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Become A Record Management Specialist

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Working As A Record Management Specialist

  • Getting Information
  • Processing Information
  • Documenting/Recording Information
  • Interacting With Computers
  • Organizing, Planning, and Prioritizing Work
  • Mostly Sitting

  • Repetitive

  • $37,110

    Average Salary

Example Of What A Record Management Specialist does

  • Hired to correct a backlog of submissions received to the FDA.
  • Provide correct data entry and identification for new records.
  • Created in-depth training using SharePoint and other Microsoft office tools.
  • Hired to develop business records management program for DOE MOX project.
  • Compiled and maintained patients' medical records to document condition and treatment.
  • Designated to special projects Ad HOC for record retention schedules and scanning projects.
  • Indexed case files and entered data into the Federal Document Management System.
  • Trained the user group on the use of the electronic records management database.
  • Processed employees for security clearances, updates and transfers existing clearances using DCII, JPAS/EQUIP and Scattered Castles.
  • Assisted departments in maintaining files in a file room.
  • Review disposition proposals and send requests for disposition to USCENTCOM through NARA for appraisal on archived records.
  • Log in Engineering Submittals from document control mailbox.
  • Respond to FOIA request from both external and internal customers.
  • Ensured compliance to all record protection audits.
  • Processed inbound and outbound customer service phone calls, emails and Instant Messages.
  • Organize donor record records to maintain shelf life of hard copy records in the department.
  • Received and entered the archival information into the appropriate electronic database for future retrieval.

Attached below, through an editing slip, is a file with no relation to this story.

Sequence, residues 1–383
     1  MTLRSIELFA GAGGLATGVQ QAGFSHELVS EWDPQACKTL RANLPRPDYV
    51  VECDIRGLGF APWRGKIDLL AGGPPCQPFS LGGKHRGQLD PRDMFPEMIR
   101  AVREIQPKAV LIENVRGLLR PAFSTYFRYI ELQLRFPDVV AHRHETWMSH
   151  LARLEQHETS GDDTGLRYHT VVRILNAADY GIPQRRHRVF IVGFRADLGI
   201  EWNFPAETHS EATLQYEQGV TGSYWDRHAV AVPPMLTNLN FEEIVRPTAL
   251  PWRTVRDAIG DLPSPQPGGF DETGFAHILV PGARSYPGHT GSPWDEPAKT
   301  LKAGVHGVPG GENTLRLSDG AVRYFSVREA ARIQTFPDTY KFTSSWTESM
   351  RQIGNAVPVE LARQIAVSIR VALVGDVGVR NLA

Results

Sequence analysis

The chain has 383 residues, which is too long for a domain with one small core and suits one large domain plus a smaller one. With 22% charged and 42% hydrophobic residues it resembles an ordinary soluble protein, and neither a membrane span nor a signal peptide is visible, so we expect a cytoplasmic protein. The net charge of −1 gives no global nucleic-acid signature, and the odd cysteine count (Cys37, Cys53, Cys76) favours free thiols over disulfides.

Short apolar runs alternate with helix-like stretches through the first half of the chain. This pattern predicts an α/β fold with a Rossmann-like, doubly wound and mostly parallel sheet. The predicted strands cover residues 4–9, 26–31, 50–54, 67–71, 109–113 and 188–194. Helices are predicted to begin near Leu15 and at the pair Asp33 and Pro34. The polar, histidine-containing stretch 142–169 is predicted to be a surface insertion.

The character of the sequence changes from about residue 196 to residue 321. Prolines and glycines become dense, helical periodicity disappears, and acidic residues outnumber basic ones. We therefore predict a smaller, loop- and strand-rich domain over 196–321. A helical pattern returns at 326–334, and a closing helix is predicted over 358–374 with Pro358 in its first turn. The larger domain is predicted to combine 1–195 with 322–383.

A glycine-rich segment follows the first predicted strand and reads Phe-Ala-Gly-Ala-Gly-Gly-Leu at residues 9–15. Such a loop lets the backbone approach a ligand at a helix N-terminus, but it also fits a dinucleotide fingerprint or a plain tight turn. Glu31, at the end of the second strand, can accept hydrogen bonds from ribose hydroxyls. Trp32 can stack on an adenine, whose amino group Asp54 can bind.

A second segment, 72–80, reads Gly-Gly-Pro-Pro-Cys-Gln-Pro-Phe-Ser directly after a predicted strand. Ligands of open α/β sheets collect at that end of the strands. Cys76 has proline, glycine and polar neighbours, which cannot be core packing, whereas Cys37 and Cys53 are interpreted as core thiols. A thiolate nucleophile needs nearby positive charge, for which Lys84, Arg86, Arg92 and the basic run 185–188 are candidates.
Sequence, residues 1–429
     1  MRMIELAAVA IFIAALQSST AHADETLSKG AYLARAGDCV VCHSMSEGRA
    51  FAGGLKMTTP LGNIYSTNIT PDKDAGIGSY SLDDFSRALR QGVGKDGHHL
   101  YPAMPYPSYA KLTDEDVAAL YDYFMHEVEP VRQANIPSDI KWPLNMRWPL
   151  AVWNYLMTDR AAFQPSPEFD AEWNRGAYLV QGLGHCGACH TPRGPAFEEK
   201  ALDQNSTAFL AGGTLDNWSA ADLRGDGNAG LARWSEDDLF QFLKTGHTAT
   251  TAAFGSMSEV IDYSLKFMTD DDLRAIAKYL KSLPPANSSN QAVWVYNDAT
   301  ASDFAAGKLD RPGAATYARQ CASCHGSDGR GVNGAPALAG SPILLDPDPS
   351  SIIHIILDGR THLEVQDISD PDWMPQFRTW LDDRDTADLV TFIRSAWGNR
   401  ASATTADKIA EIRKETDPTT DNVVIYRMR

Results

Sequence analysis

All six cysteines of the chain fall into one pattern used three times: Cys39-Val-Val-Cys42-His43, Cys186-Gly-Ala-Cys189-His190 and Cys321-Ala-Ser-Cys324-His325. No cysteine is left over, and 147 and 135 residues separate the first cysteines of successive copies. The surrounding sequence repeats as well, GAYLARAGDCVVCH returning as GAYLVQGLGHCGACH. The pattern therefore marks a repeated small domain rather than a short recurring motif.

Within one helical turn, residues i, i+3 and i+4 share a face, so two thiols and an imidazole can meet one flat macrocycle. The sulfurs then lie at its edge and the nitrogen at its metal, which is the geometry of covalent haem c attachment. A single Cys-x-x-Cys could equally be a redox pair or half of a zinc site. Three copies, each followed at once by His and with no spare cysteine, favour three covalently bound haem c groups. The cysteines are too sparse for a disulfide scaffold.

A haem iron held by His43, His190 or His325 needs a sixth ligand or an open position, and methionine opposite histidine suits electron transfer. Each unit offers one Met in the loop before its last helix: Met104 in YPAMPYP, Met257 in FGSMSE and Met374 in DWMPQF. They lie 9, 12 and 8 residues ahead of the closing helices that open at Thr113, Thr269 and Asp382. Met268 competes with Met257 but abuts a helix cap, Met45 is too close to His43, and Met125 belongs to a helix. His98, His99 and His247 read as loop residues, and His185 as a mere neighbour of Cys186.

• Maintained work according to records management procedures and work practices.
  • Sorted Official Personnel Files and payroll files.
  • Attended regular meetings with management and department heads to discuss and ensure compliance with contract, nuclear, and federal guidelines.

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How To Become A Record Management Specialist

Health information technicians typically need a postsecondary certificate to enter the occupation, although some may need an associate’s degree. Certification is often required.

Education

Postsecondary certificate and associate’s degree programs in health information technology typically include courses in medical terminology, anatomy and physiology, health data requirements and standards, classification and coding systems, healthcare reimbursement methods, healthcare statistics, and computer systems. Applicants to health information technology programs may increase their chances of admission by taking high school courses in health, computer science, math, and biology.

A high school diploma or equivalent and previous experience in a healthcare setting are enough to qualify for some positions, but most jobs for health information technicians require postsecondary education.

Important Qualities

Analytical skills. Health information technicians must be able to understand and follow medical records and diagnoses, and then decide how best to code them in a patient’s medical records.

Detail oriented. Health information technicians must be accurate when recording and coding patient information.

Integrity. Health information technicians work with patient data that are required, by law, to be kept confidential. They must exercise caution and a strong sense of ethics when working with this information in order to protect patient confidentiality.

Interpersonal skills. Health information technicians need to be able to discuss patient information, discrepancies, and data requirements with other professionals such as physicians and finance personnel.